Assistant Director: Bert Briskin ~ Jaime Contreras ~ Moisés Delgado
Art Department: Gunther Gerszo
Sound Department: James L. Fields ~ Rafael Ruiz Esparza
Stunts: Ángel García stunt double: Johnny Weissmuller 
Stunts: Paul Stader
Associate Director: Miguel M. Delgado
Associate Editors: John Sheets ~ Merrill G. White 
  • This was the first time Tarzan had appeared without Boy since 1939. 
  • Tarzan and the Mermaids was Weissmuller's last appearance as Tarzan
  • It was filmed in Mexico. Interior and underwater tank shots for Mermaids were filmed at the Churubusco Studios in Mexico City. Exterior scenes were shot at several locations in and around Acapulco on Mexico's Pacific coast.
  • The exteriors of Balu’s temple were shot at the Aztec ruins of San Juan de Teotihuacán.
  • Tthe film was in black and white and did not take advantage of the full beauty of the Mexican locations
  • The film shoot experienced numerous problems in Mexico: Sol Lesser suffered a heart attack  and had to return to Los Angeles ~ inexperienced Mexican crew ~ bad weather, including a hurricane that destroyed the sets
  • The battle with the giant octopus was recycled in Tarzan and the She-Devil (1953)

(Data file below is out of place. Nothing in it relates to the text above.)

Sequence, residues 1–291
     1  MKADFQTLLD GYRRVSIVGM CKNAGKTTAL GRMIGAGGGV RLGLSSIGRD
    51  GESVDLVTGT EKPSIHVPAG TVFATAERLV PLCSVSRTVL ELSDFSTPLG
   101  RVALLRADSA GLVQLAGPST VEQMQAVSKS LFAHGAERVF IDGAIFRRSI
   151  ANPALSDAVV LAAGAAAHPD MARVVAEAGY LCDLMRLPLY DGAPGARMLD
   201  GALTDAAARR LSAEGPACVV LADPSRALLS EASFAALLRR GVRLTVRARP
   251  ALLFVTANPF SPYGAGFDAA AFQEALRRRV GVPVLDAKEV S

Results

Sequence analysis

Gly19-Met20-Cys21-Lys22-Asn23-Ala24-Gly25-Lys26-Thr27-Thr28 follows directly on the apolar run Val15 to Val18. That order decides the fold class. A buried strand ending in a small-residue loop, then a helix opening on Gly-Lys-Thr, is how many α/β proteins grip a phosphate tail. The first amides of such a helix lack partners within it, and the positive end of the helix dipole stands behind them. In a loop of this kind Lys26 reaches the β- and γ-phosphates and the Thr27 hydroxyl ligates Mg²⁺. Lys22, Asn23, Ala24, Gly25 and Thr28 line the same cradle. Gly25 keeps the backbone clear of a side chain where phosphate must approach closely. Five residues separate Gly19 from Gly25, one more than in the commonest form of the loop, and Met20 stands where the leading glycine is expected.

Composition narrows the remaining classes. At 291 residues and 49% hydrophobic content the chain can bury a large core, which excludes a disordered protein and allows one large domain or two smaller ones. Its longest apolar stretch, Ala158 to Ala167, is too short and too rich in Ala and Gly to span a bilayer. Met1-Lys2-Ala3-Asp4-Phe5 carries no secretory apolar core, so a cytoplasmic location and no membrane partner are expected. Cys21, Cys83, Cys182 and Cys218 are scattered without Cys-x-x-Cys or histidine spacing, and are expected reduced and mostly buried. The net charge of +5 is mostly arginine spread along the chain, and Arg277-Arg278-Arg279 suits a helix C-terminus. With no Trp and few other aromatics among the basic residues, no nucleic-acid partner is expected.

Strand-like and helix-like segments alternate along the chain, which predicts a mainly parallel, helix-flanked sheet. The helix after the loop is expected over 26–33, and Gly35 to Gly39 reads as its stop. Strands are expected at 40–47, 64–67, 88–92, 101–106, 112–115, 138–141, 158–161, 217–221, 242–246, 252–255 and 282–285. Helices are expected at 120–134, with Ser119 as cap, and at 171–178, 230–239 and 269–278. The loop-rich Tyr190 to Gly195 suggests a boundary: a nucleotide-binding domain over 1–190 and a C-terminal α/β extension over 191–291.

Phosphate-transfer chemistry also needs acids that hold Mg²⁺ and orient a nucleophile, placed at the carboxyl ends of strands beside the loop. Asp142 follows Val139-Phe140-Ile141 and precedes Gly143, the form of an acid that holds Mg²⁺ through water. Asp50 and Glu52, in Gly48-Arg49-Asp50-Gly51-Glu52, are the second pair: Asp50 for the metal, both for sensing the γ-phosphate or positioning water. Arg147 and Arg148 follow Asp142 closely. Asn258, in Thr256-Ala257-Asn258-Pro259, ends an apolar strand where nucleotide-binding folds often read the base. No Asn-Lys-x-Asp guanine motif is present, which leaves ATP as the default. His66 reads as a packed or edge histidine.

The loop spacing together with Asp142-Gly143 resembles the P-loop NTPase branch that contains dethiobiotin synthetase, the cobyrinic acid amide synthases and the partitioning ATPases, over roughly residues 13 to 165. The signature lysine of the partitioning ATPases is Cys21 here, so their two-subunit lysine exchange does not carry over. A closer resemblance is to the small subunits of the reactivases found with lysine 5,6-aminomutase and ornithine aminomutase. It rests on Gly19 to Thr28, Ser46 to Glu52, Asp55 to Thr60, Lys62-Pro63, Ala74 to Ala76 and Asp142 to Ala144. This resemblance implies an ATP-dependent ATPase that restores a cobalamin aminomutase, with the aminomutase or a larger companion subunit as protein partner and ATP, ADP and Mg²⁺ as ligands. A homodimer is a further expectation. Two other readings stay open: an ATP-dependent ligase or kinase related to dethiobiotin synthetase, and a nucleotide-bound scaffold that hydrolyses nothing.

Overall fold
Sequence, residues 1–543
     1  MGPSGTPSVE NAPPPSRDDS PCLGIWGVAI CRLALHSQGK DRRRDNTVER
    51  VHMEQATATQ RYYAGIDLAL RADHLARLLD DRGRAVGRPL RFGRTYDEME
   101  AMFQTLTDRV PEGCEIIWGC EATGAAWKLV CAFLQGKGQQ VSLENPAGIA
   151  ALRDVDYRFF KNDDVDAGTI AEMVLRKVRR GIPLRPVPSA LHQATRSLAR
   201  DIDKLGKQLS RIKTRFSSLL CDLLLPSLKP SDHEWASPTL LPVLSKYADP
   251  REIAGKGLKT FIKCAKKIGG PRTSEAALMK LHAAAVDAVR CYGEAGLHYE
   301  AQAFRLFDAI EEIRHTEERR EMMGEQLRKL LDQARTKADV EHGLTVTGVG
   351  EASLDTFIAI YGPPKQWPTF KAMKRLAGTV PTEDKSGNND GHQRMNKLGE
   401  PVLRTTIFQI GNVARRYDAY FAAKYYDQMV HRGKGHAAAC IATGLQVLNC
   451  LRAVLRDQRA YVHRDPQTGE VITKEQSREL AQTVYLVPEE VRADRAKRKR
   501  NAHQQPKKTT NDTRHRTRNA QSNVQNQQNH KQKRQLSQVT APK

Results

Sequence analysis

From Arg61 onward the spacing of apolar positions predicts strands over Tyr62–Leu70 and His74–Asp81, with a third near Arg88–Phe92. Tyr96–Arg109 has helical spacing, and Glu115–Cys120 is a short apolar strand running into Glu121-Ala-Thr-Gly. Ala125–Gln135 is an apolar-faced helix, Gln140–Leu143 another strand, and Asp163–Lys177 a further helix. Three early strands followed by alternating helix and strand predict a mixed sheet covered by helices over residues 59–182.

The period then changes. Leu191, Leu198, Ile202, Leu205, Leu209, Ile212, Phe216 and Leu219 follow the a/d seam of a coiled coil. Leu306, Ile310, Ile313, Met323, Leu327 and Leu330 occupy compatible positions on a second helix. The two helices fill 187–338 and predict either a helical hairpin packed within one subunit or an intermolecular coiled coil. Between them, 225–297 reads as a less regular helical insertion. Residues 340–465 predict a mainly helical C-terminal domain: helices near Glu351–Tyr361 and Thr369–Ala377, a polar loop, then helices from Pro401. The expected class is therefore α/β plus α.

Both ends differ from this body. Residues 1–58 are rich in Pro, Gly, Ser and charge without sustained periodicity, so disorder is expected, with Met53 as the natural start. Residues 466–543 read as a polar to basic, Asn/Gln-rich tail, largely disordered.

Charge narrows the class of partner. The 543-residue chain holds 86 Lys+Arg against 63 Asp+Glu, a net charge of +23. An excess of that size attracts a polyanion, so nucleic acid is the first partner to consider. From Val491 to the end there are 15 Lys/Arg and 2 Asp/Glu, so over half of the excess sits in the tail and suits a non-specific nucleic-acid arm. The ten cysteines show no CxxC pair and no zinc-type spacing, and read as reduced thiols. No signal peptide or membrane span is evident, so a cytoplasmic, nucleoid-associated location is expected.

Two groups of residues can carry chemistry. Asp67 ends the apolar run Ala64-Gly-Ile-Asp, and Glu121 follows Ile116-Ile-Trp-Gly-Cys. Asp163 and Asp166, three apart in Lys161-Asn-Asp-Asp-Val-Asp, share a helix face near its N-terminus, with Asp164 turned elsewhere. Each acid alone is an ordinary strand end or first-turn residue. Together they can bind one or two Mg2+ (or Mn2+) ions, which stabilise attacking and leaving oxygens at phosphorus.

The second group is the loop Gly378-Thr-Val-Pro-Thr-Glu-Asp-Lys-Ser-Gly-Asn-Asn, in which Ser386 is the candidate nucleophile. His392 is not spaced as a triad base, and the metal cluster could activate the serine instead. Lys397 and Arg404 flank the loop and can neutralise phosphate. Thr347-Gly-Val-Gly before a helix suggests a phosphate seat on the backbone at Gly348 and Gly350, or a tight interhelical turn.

• At 44, the ex-Olympian, one of Hollywood's most active 'party animals', was long past the slim athleticism of his youth, and looked tired 
  • Johnny Sheffield, 'Boy', had grown to manhood, so he was written out of the script, under the pretext of being 'away at school'
  • Monogram Studios immediately signed Johnny Sheffield to star in their series of Bomba, The Jungle Boy films
  • Sol Lessor's million dollar budget could not overcome an idiotic script, shooting beautiful Acapulco in black and white, a hurricane that destroyed some sets, poor acting and the many other failings of this production.
  • Johnny Weissmuller fell in love with Acapulco, Mexico and he later became a part-owner - with John Wayne - of the Los Flamingos hotel in “Old Acapulco.”